AFI Catalog of Feature Films
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Kiss of Death
Alternate Title: Blind Date
Director: Henry Hathaway (Dir)
Release Date:   Sep 1947
Premiere Information:   Los Angeles opening: 13 Aug 1947; New York opening: 27 Aug 1947
Production Date:   10 Mar--mid-May 1947; addl scenes 23 Jun--28 Jun 1947
Duration (in mins):   95 or 98-100
Duration (in feet):   8,968
Duration (in reels):   10
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Cast:   Victor Mature (Nick Bianco, also known as Nick Cavallo)  
    Brian Donlevy (Louis D'Angelo)  
    Coleen Gray (Nettie Cavallo)  
    Richard Widmark (Tommy Udo)  
    Taylor Holmes (Earl Howser)  
    Howard Smith (Warden)  
    Karl Malden (Sgt. William Cullen)  
    Jay Jostyn (District Attorney)  
    Anthony Ross ("Big Ed" Williams)  
    Mildred Dunnock (Ma Rizzo)  
    Millard Mitchell (Max Schulte)  
    Temple Texas (Blondie)  
    J. Scott Smart (Skeets)  
    Wendell Phillips (Tony "Pep" Mangone)  
    Lou Herbert (Policeman)  
    Harry Kadison (Policeman)  
    Lawrence Tiernan (Policeman)  
    Bernard Sell (Policeman)  
    Jack Rutherford (Policeman)  
    Arthur Holland (Policeman)  
    Pat Malone (Policeman)  
    John Kullers (Prisoner)  
    Victor Thorley (Sing Sing guard)  
    Rollin Bauer (Sing Sing guard)  
    Arthur Foran Jr. (Sing Sing guard)  
    James Doody (Sing Sing guard)  
    William Zuckert (Sing Sing guard)  
    Iris Mann (Congetta Bianco)  
    Marilee Grassini (Rosario Bianco)  
    Norman MacKay (Capt. Dolan)  
    Harry Malcolm Cooke (Taxi driver)  
    Richard Taber (Taxi driver)  
    Jesse White (Taxi driver)  
    Robert Karnes (Hoodlum)  
    Harry Carter (Detective)  
    Charles McClelland (Detective)  
    Robert Adler (Detective)  
    Yvonne Rob (Customer)  
    Carl Milletaire (Customer)  
    Gloria O'Connor (Giggling girl)  
    Consuela O'Connor (Giggling girl)  
    Harold Crane (Mr. Morgemann)  
    Mel Ruick (Mr. Morgemann's assistant)  
    Steve Roberts (Guard)  
    Dick Midgley (Guard)  
    Dennis Bohan (Guard)  
    John Marley (Al)  
    Gregg Martell (Turnkey)  
    Lee Sanford (Chips Cooney)  
    Paul Lilly (City jail guard)  
    Herbert Holcombe (City jail guard)  
    John Stearns (Harris)  
    Eda Heinemann (Mrs. Keller)  
    Eva Condon (Sister)  
    Mary Morrison (Mother Superior)  
    Irene Shirley (Nun, music teacher)  
    George Smith (Police lieutenant)  
    Alexander Campbell (Train conductor)  
    George Shelton (Waiter)  
    David Fresco (Waiter)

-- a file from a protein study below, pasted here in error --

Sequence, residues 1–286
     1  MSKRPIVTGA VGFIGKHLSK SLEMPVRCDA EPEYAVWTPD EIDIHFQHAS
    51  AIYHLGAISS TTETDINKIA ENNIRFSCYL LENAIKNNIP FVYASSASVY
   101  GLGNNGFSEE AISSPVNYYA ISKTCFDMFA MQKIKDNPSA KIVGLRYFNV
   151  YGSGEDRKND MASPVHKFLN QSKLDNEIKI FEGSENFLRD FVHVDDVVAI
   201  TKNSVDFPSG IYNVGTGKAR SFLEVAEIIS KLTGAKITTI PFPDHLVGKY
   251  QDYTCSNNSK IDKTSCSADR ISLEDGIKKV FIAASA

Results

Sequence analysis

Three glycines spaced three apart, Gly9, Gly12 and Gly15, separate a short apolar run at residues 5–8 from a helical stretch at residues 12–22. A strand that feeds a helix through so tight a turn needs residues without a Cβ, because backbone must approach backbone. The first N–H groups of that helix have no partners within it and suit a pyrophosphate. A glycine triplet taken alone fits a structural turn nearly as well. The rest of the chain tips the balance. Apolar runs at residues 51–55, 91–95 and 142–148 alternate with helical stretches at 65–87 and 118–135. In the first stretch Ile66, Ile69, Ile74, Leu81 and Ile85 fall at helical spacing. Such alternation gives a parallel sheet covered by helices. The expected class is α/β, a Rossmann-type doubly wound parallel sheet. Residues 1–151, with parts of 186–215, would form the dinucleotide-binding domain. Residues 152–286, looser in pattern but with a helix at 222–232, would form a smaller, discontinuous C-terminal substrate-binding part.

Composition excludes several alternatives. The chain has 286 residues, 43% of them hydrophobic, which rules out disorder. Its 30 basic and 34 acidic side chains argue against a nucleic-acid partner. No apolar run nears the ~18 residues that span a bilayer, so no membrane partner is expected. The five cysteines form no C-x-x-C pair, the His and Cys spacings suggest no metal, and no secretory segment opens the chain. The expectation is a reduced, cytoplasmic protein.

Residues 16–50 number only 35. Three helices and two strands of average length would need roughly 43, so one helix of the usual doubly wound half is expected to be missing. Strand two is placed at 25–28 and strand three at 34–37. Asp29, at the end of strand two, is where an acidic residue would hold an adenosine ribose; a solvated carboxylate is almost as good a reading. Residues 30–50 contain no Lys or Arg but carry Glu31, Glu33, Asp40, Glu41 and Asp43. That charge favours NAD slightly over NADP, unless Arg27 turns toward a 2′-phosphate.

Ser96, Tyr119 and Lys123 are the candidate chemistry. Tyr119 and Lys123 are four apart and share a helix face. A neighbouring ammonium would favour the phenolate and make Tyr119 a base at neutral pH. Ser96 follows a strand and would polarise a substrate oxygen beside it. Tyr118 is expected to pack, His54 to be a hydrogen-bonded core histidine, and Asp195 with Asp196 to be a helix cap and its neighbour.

Harold Gary (Doorman)  
    Dort Clark (Man in car)  
    Arthur Kramer (Mr. Sulla)  
    Stapleton Kent (Watchman)  
    Perc Launders (Lieutenant)  
    Bill O'Leary (Sergeant)  
    Olga Borget (Cashier)  
    Don Giovanni (Gangster)  
    Tito Vuolo (Luigi)  
    Ronald King (Larry Young)  
    Harry Bellaver (Bull Weed)  

Summary: On Christmas Eve, down-on-his-luck Nick Bianco, an ex-convict, and his three cohorts rob a jewelry store located on the top floor of a New York skyscraper. Before they can exit the building, however, the proprietor sets off his alarm, and Nick is apprehended by the police. Later, Assistant District Attorney Louis D'Angelo tries to persuade Nick, who has two young daughters and a wife, to name his accomplices in exchange for a light sentence. Sure that his lawyer, Earl Howser, and cohorts will look after his family while he is incarcerated, Nick refuses and is given a twenty-year sentence. Three years later, at Sing Sing Prison, Nick learns that his wife has committed suicide, and his daughters have been sent to an orphanage. When Nick then is visited by Nettie Cavallo, a young woman who used to babysit his girls, and learns that his wife had been attacked by Pete Rizzo, one of his accomplices, he decides to tell all to D'Angelo. Because so much time has elapsed, however, D'Angelo cannot use Nick's information to reduce his sentence, but makes a deal that if Nick helps the police on another case, he will be allowed to see his children. To that end, D'Angelo questions Nick about one of his previous, unsolved robberies, which he pulled off with Rizzo, and has Nick inform Howser that Rizzo "squealed" on him. Howser, who also acts as a fence for his clients, hires Tommy Udo, a sadistic killer, to murder Rizzo, but when Udo shows up at Rizzo's tenement, only Ma Rizzo is present. Annoyed, Udo pushes the wheelchair-bound woman down a flight of stairs, killing her. Soon after, Nick is freed on parole at D'Angelo's behest, and immediately pledges his love to Nettie. To stay paroled, Nick then continues his work with D'Angelo, conniving to run into Udo, whom he knows from Sing Sing, at a boxing match. The unsuspecting Udo takes Nick to various clubs, including one at which narcotics are being smoked, and Udo reveals enough information to Nick about a murder he committed to enable the police to arrest him. When Udo later comes up for trial, Nick, who is now married to Nettie and living in the suburbs under her last name, is reluctant to testify against him, but realizes he must in order to maintain his parole. Despite Nick's testimony and other evidence, Udo is acquitted. Sure that the killer will be after him, and that the police will not be able to protect him and his family, Nick sends Nettie and the children to the country. Nick then searches for Udo at his favorite haunts and finally finds him at Luigi's restaurant. Before confronting Udo, Nick telephones a concerned D'Angelo and instructs him to go to a police station near the restaurant and await his call. Nick tries to reason with Udo, but when the psychopath threatens to harm Nick's family, Nick warns him that if he does, he will go to D'Angelo with information about other crimes he knows Udo committed. Although Udo is aware that, as a "three-time loser," he will spend the rest of his life behind bars if he is found guilty of any crime, he leaves the restaurant and prepares to have Nick gunned down from the back seat of his car. Deducing Udo's plan, Nick calls D'Angelo to tell him that a confrontation is about to occur. Nick then walks to Udo's car and dares him to shoot, which Udo does, repeatedly. Before Udo can escape, however, the police capture him. Though badly wounded, Nick survives, and he and Nettie look forward to a happy, peaceful life together.